To the OP, sorry about this obvious attempt to pop your ballon (that is the thesis aired in your first post), but I was feeling particularly pompous this afternoon and felt an innate need, after reading your post and its assertions, to kinda reframe things in a much larger and more wholistic framework. In any case, it is also true that your observation of a single occurrence exhibited by these (your terms) old-line anti-lame-micro cachers hardly provides sufficient cause to generalize to the behaviors of all anti-lame-micro cachers at all events.

 

BTW, I tend to also dislike lame urban micros (LUMS) and also MicroSpew, and I also tend to laugh with great joyous derision and amusement at the inane antics pulled by many higher-numbers (that is, over about 800 finds) geocachers (many of whom are geo-friends of mine and will continue to be so, by the way...), and yet, strangely, I have received several compliments from newcomers to caching at what they perceived as my warmth and inclusiveness to them at local geo events over the years. Go figure. According to your shaky thesis, I shoulda ignored those newcomers when they showed their faces at the event in question.

 

:blink::huh:

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OK, I am totally new to Geocaching, but I have to ask:

 

1) What is this "change in direction" that people keep mentioning about geocaching? What was it like before as opposed to now? Ive only hunted down a few caches, but they seem to fall into 3 categories:

 

a - Caches that lead you to a cool (generally natural) place that you would have otherwise drove by.

b - Caches designed for the working guy out on lunch break, but jonesin for some caching

c - Themed caches

 

And, of course, some combination of those categories mentioned above.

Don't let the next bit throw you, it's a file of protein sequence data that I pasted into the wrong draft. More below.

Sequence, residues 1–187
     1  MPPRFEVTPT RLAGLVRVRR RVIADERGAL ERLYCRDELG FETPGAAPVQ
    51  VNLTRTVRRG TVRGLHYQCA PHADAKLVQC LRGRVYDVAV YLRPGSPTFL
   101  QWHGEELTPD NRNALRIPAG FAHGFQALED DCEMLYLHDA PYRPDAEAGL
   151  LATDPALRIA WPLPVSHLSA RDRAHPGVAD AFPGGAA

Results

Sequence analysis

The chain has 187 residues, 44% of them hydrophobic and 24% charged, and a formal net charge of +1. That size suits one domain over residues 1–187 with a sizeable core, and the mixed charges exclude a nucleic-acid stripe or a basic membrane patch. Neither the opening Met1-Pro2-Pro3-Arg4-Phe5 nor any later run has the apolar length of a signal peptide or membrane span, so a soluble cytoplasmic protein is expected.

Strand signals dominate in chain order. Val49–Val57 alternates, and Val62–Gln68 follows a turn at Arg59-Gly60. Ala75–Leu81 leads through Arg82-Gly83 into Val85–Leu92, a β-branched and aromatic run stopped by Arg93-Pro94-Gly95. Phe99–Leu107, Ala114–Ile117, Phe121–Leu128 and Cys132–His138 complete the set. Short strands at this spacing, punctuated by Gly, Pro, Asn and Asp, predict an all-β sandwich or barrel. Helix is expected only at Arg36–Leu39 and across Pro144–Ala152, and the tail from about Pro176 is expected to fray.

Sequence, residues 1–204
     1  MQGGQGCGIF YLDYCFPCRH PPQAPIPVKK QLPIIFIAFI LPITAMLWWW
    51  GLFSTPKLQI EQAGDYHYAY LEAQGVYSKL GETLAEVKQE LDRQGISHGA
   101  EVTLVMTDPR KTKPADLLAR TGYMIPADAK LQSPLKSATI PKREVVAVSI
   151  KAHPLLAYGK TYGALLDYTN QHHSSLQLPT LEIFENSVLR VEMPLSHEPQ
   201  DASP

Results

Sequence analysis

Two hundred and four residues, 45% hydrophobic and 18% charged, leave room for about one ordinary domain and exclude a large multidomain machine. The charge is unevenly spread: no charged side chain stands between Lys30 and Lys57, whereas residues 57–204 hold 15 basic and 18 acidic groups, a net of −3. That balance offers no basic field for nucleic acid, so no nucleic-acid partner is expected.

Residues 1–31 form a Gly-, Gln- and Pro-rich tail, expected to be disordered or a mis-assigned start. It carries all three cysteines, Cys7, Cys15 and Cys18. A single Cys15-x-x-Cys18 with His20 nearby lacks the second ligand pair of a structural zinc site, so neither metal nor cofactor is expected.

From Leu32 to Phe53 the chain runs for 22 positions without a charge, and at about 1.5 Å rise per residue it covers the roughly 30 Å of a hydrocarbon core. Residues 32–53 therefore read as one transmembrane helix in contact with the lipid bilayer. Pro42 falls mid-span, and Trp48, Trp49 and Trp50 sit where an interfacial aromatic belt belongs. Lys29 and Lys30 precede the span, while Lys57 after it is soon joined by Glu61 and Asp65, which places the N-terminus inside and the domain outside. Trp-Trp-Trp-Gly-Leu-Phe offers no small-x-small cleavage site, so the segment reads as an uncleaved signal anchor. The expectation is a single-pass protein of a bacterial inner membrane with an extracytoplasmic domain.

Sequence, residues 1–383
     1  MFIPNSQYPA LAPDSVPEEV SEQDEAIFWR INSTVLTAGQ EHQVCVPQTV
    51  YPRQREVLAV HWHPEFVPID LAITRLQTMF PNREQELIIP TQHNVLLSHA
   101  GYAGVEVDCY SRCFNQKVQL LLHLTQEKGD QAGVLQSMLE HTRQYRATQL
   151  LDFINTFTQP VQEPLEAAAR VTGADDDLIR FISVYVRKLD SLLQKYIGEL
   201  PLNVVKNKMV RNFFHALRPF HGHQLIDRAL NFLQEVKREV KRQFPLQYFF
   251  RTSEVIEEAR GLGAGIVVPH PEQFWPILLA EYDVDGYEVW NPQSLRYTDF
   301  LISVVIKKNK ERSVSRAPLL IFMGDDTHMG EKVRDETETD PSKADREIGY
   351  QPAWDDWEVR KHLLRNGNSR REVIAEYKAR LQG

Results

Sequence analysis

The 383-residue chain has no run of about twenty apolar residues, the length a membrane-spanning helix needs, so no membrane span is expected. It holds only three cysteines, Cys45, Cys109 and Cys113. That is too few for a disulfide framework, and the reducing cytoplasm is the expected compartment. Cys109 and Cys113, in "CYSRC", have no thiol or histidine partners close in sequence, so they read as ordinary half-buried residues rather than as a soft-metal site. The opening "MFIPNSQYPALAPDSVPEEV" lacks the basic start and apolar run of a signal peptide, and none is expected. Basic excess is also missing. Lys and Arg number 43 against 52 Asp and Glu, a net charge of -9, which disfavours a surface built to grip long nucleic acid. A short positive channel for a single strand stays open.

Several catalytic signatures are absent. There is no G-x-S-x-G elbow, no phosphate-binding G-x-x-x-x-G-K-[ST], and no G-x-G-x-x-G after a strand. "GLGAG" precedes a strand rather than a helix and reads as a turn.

2) Is Geocaching really a "sport"? Seems more of the pastime/activity thing to me?

 

3) I cannot fathom why anyone would want to hang out with, get recognition from, or even converse with "elitists". Personally, I would rather converse with the actual elite Geocacher, then a bunch of chumps who sit around stroking each others ego while excluding or looking down on others. I am sure the true elite know who he is and has no need for these things.

 

4) Just for the record from someone new and unbrainwashed by years of Geocaching....Geocaching is geeky. Theres no 2 ways about it. Its like pretending you're a pirate/adventure hunting for hidden treasure with the add-on of techno-bob/Star Trek/Tricorder like GPSes/PDAs. Hey! I love it and will continue to do it for years...maybe forever. I hope this doesn't come as a shock to any of you, but I have to call it like it is. I can't see one Geocacher calling another Geocacher geeky without realizing they are both equally geeky.

 

my 2cents

Answer to number 1: Most caches used to be type A in larger containers. Most caches now are type B in smaller no trade containers. Cache density has vastly increased as well. Reasons to place a cache have gone from type A reasons to Type B reasons.

 

I am of course generalizing the whole issue.

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1) What is this "change in direction" that people keep mentioning about geocaching? What was it like before as opposed to now? Ive only hunted down a few caches, but they seem to fall into 3 categories:

 

a - Caches that lead you to a cool (generally natural) place that you would have otherwise drove by.

b - Caches designed for the working guy out on lunch break, but jonesin for some caching

c - Themed caches

 

d - Caches with no hide or location value other than to increase one's hide count and finders count. Nothing to see, No puzzle, Not hard to find. Often behind Wal-Mart in a light pole or on a guardrail by the town dump. Can be any size cache but is typically smaller so there is no trade value either.

 

e - Caches hidden 529 feet from another cache just because they can, usually meeting the hide method in (d).

Edited by brdad
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By the way, if anyone ever meets me at an event and I'm talking mostly to people I already know, it's more because I'm kind of shy than b/c im not friendly :blink: I'll happily talk to new people, it's just I might not always initiate the conversation..

 

Course, I wasn't there, but the situation you described seems to go beyond that.... I'd probably go talk to the uncomfortable looking guy in the corner if he was being as excluded as it seems....

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...It's an argument that can't be won.

 

Some want others to place some thought into their hides so they don't have to think to find them.